One approach is to “raise the water level” to enhance the organization’s baseline level of skills. Many firms are using this approach to “level up” the core data and digital literary skills of their workforces, leveraging technology to provide employees with a personalized experience.
The above approach should be balanced with a targeted upskilling strategy to differentiate the experience for specific groups of people, and to develop pockets of proficiencies. An example is helping employees performing reporting roles to improve how they use data to tell compelling stories.
Finally, every organization has individuals who create, protect or enable the greatest proportion of value. Investing in the critical few by providing tailored upskilling opportunities is the third approach, and includes “influencers” who can help champion upskilling and continuous learning.
4. Empower people to embrace upskilling
Employees who are provided with clear communications, sufficient information (e.g. overarching business goals, the skills needed for future success, and the value of upskilling activities to organizational objectives), and appropriate supports are more likely to take ownership over their individual learning and growth activities.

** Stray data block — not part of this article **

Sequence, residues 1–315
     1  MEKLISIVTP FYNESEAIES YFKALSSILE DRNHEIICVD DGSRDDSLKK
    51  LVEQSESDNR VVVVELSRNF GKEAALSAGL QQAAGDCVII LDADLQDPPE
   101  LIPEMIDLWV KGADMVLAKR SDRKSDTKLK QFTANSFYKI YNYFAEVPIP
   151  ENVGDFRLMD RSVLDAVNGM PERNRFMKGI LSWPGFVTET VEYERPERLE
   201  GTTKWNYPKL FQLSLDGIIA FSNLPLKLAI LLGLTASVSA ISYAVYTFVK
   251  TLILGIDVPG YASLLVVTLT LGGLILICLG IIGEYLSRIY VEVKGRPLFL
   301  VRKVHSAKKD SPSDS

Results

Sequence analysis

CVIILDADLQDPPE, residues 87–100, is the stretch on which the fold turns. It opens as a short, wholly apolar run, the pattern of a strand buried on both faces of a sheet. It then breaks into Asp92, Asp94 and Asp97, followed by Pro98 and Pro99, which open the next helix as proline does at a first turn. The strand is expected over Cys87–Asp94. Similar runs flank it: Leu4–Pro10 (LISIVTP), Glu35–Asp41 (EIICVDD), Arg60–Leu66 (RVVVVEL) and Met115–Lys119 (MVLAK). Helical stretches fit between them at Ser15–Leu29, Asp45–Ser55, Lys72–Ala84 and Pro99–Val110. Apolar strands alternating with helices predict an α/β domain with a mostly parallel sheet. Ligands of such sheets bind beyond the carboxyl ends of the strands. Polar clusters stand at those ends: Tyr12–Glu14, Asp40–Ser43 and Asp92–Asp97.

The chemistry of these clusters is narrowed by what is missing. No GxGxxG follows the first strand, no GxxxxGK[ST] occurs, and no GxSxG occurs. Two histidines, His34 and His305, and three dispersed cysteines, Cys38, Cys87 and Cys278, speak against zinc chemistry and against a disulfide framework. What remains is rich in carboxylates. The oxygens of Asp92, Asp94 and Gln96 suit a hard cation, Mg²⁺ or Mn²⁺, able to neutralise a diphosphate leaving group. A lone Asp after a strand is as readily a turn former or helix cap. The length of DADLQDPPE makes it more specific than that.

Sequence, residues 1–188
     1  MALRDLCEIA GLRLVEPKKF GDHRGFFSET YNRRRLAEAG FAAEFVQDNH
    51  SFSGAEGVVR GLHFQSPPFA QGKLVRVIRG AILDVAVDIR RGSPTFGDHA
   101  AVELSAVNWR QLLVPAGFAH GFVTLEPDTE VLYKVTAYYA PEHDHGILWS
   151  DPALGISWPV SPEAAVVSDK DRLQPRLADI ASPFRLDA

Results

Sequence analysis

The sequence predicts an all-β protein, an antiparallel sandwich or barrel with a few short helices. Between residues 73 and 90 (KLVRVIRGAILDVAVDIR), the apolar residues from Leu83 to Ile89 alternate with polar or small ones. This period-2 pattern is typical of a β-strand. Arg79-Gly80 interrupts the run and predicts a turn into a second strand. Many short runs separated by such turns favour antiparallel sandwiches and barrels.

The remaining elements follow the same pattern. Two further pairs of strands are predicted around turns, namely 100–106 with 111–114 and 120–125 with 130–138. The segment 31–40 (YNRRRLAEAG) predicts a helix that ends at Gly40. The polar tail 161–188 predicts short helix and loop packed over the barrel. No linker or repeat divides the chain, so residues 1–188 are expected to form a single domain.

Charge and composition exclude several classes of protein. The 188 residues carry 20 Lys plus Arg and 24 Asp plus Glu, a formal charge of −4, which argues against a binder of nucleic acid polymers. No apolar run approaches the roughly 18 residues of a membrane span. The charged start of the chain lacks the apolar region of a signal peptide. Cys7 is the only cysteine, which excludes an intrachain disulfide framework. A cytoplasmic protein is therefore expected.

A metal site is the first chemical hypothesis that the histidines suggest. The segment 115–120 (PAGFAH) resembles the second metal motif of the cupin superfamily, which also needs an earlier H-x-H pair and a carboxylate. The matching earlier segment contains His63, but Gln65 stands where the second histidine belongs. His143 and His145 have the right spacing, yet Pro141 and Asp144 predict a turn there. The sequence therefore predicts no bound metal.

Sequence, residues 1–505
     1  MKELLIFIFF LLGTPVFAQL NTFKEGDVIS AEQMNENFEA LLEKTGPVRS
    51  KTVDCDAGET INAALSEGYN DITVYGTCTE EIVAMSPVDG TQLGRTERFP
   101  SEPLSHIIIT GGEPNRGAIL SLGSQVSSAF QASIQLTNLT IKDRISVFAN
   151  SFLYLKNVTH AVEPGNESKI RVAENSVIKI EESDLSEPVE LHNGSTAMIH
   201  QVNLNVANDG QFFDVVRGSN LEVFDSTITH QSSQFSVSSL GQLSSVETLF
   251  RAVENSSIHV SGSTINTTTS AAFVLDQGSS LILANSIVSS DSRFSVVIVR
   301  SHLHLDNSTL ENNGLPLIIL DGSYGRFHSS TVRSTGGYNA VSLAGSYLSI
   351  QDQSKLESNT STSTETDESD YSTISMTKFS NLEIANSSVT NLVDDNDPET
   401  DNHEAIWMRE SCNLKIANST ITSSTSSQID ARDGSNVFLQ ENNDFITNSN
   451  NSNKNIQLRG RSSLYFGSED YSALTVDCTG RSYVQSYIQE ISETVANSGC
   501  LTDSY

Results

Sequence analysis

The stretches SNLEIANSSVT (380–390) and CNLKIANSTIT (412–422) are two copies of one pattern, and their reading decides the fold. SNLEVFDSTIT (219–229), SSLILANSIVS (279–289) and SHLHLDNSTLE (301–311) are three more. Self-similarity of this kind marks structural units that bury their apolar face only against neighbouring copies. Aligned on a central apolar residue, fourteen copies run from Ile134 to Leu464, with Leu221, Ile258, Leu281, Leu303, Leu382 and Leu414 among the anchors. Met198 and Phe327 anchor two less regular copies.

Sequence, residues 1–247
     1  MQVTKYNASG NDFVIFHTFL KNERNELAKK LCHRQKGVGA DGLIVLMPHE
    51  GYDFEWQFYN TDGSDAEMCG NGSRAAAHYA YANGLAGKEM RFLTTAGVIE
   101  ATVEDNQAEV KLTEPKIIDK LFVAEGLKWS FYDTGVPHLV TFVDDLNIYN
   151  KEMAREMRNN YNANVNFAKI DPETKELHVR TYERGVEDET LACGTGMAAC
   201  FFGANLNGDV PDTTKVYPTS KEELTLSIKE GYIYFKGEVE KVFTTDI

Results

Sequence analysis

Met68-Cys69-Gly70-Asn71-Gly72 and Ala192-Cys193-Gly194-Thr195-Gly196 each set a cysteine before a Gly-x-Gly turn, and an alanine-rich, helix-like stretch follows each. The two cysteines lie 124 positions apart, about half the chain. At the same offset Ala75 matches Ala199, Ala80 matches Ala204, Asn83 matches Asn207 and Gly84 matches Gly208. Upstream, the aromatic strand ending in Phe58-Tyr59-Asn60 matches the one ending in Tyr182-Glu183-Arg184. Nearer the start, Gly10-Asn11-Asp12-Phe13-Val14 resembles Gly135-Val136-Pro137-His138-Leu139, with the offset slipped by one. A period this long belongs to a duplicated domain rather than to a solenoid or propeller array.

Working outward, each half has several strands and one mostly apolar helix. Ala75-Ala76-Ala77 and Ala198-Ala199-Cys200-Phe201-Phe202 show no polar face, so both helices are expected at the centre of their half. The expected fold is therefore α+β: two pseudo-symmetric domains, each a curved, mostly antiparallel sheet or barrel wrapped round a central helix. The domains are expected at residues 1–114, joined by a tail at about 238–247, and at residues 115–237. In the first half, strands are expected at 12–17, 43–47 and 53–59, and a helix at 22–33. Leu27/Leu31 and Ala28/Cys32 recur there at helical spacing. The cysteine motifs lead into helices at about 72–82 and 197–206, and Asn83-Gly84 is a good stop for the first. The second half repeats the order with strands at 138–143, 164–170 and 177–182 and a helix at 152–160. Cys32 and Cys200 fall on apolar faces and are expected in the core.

Managers can help guide employee learning by communicating how their work is likely to shift in the future and the skills needed to be successful, and by supporting employees to curate their upskilling experiences and build their own training plan.
To that end, organizations also need to empower their people managers to become learning champions so they can proactively model and guide their teams along upskilling paths, and provide ongoing feedback to support their progress.
Investing in digital and social learning tools can significantly enhance an organization’s upskilling strategy, providing a more personal anywhere and everywhere model.
TD Bank, for example, recently introduced TD Thrive, an upskilling initiative leveraging the learning platform Degreed, to provide its employees with access to curated learning content, assessment tools and learning paths to support upskilling.